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Turkish thinkers' Armenia apology

By Sarah Rainsford
BBC News, Istanbul

Men stand besides the skulls and corpses of Armenian victims of the Turkish deportation circa 1915
Hundreds of thousands of Armenians died while being forced out of Turkey

An internet petition has been launched in Turkey, apologising for the "great catastrophe of 1915" when hundreds of thousands of Ottoman Armenians died.

Many international historians say the massacres and deaths of Armenians during their forced removal from what is now eastern Turkey were "genocide".

Turkey firmly denies that, saying those who died were just victims of war.

The petition - the first of its kind - was initiated by prominent Turkish academics and newspaper columnists.

They say they want to challenge the official denial and provoke discussion in Turkish society about what happened.

The petition is entitled "I apologise".

A short statement at the top reads: "My conscience cannot accept the ignorance and denial of the Great Catastrophe that the Ottoman Armenians were subjected to in 1915. I reject this injustice and - on my own behalf - I share the feelings and pain of my Armenian brothers - and I apologise to them."

It is a bold and original step in a country where writer Hrant Dink was killed just last year for openly saying that the events of 1915 were genocide.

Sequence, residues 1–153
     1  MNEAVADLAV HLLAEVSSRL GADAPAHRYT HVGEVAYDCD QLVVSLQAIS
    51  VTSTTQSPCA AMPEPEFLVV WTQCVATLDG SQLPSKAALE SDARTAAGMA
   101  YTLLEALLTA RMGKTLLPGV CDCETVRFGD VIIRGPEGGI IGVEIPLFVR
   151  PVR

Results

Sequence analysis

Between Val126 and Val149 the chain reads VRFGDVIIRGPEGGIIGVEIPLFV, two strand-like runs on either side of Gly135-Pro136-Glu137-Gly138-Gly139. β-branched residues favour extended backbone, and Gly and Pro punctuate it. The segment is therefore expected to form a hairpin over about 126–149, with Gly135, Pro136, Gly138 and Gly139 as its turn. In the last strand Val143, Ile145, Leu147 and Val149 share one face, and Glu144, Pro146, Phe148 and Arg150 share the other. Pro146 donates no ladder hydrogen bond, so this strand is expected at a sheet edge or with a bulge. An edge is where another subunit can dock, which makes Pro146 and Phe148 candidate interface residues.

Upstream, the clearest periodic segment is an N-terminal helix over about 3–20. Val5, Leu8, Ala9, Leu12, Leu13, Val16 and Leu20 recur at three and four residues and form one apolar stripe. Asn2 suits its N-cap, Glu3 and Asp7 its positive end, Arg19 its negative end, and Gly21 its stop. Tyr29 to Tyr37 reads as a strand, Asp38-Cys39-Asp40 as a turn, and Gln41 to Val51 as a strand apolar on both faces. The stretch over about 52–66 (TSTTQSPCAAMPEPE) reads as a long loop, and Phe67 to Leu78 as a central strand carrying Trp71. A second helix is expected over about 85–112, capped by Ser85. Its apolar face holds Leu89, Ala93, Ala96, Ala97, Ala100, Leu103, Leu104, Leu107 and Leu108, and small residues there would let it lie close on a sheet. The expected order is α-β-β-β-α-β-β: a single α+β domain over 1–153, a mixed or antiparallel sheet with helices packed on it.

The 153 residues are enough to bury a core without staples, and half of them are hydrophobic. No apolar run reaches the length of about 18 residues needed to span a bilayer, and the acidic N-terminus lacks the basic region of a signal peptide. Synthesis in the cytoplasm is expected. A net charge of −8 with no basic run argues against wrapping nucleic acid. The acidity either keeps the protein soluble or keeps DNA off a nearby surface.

Previously he had been tried for "insulting Turkishness" for his comments on 1915 - as was Orhan Pamuk, the Nobel prize-winning author, who said that a million Armenians were killed "in these lands" and no-one dared talk about it.

Sparking discussion

Nationalist politicians have condemned the move as an insult to the Turkish nation, and the organisers have received abusive emails.

A group of some 60 former Turkish ambassadors has issued a counter statement, calling this petition unfair and contrary to Turkey's national interests .

Turkey admits that many Armenians were killed but it denies any genocide, saying the deaths happened during widespread fighting in World War I.

The petition does not call on the state to apologise for what happened and it deliberately avoids the highly controversial definition of genocide.

But the Turkish academic who dreamed up the idea says he hopes it will spark a proper discussion of what happened and promote empathy for what the Armenians suffered.

Cengiz Aktar called it the responsibility of all Turks to think and talk openly about how, and why, the Armenian people disappeared from a land they inhabited for 4,000 years.

"Our aim is to empathise with the grief of our Armenian brothers," he said.

The petition's authors say they have received many encouraging comments.

In the first few hours after the petition was launched, more than 1,000 people had signed their names beneath it.



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